Oregon defeated Colorado 75-69 Thursday night, bringing both teams to the middle of the standings in the PAC-12. In this game, I was excited to watch Kel’el Ware, but unfortunately his game was quiet off the bench yet again as his stock continues to trend downwards. Someone whose stock is rising, however, is Colorado’s Tristan Da Silva, brother of former MavsDraft darling and current member of FC Barcelona Oscar Da Silva.
Tristan Da Silva initially caught my eye in the Myrtle Beach Invitational around Thanksgiving, where he showcased a promising jump shot and impressive feel for the game. Since then, Da Silva has broken out as a top option on Colorado, scoring double digits in all but 2 of 16 games. Over that stretch, Da Silva is averaging 17.6 PPG, 5.4 RPG, 1.6 APG, and 1.7 SPG on shooting splits of 54/41/69.
Taking it one step further, I have been tracking Da Silva’s progress over the last month, because in January he has scored double digit points in all 7 games he has played. Over that stretch, he is averaging 19.6 PPG, 4.4 RPG, 1.4 APG, and 1.4 SPG on shooting splits of 56/54.5/87.5. Everything is clicking for him, and he passes the eye test as well.
In this game vs Oregon, I was impressed in almost every way by him on offense: ambidextrous finishing, jump shooting in a variety of ways, and three level scoring.
The first thing that stands out for Da Silva is how he shoots in a variety of ways from a variety of spots. In order of the clips, he hits a leaning pull-up, spot-up jumper in transition, a stand-still catch & shoot jumper, an isolation mid range jumper off of jab steps, and a curling three out of the inbounds.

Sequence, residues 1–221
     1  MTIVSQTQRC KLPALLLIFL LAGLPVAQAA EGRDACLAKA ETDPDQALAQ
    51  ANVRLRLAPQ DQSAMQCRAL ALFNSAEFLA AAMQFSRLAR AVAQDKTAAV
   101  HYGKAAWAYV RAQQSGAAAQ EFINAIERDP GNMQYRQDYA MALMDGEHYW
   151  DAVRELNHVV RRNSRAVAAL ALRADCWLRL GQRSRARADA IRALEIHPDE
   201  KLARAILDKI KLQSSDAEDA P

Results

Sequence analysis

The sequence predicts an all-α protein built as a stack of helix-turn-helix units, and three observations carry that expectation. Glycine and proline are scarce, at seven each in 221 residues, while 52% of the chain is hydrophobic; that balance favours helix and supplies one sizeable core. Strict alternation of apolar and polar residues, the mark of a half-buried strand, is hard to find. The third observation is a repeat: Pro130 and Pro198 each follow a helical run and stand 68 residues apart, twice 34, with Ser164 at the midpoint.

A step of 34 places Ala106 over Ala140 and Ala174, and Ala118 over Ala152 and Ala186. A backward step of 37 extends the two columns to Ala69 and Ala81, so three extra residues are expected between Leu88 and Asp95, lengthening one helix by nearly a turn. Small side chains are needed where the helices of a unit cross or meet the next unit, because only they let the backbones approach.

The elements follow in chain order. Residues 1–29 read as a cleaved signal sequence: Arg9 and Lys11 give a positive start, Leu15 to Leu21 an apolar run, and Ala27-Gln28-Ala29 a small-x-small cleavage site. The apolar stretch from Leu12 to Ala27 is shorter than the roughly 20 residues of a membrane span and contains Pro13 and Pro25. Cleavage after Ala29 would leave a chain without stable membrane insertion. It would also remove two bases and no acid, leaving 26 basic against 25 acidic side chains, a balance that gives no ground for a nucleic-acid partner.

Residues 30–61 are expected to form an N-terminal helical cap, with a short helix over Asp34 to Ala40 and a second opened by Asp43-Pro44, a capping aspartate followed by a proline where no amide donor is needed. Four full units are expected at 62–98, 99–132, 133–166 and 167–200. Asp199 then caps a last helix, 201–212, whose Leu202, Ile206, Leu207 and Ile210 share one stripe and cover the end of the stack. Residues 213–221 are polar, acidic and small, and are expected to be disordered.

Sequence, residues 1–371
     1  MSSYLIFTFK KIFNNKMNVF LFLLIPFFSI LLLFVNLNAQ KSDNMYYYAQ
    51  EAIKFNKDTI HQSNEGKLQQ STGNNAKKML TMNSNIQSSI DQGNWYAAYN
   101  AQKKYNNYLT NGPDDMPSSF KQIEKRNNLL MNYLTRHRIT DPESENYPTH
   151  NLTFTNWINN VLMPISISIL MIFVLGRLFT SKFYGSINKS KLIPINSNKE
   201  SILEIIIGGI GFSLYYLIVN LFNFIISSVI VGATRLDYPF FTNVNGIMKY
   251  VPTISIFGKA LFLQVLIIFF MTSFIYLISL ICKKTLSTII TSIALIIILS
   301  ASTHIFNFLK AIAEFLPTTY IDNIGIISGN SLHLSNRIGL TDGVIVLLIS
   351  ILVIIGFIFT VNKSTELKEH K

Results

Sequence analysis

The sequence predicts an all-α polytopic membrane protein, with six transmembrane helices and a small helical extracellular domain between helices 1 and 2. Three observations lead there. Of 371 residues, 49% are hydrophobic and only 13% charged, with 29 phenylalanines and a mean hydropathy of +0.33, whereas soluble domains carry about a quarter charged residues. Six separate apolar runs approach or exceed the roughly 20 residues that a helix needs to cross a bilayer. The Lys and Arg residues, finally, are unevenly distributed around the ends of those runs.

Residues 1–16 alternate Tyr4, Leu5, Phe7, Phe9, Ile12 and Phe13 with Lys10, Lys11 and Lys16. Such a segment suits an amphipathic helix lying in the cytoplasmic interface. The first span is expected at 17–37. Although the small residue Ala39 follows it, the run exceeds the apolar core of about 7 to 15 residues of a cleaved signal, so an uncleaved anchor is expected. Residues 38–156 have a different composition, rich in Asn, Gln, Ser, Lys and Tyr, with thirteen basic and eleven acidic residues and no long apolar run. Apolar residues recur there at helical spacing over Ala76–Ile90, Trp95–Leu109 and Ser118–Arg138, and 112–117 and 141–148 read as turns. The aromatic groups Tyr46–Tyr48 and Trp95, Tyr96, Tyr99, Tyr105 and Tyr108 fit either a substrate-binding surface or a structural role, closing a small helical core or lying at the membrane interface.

Being 6’8 and having this variety of jump shooting is something teams value. I found myself asking what makes him different from his brother Oscar, whose feel for the game was something I thought would help him stick in the league, but the standout trait is jump shooting with smoother athleticism. If Da Silva can master his shooting and focus on becoming a shooting specialist first to catch the eyes of scouts, he will latch on in the NBA and later be able to showcase his on-ball skills.
On the season, per synergy, Da Silva is shooting a reliable 42% on catch & shoot from three, while taking just one three pointer off the dribble. Despite his two point shooting off the dribble sample size being just 11 shots, he is still efficient there, shooting 5/11.
In addition to his jumper, his finishing stood out as well, being strong in the crowded paint with his left hand. He’s generally a good finisher at the rim, and often plays below the rim in traffic, but his skill and patience help him negate underwhelming athleticism at the rim. He has great footwork, such as the reverse pivot, which can get his man in the air easily.
Defensively, Da Silva leaves a bit to be desired. His lack of athletic pop can hold him back, plus he can over-help on drives and sacrifice the three point shot too much. This cost him against Oregon a few times, and while it may be a schematic issue, he will have to prove that he can be disciplined enough to simultaneously know when and how to be a help defender, and when to stay on the perimeter off-ball.
If Colorado can get hot and win a game or two in the PAC-12 Tournament when all eyes are on them, Tristan Da Silva could be a riser. Da Silva is consistently the best player on the floor, even when going up against first round draft prospects like Kel’el Ware. Look for Da Silva to test the draft waters, and if he returns, he could be on the shortlist of PAC-12 player of the year candidates as a senior in 2024.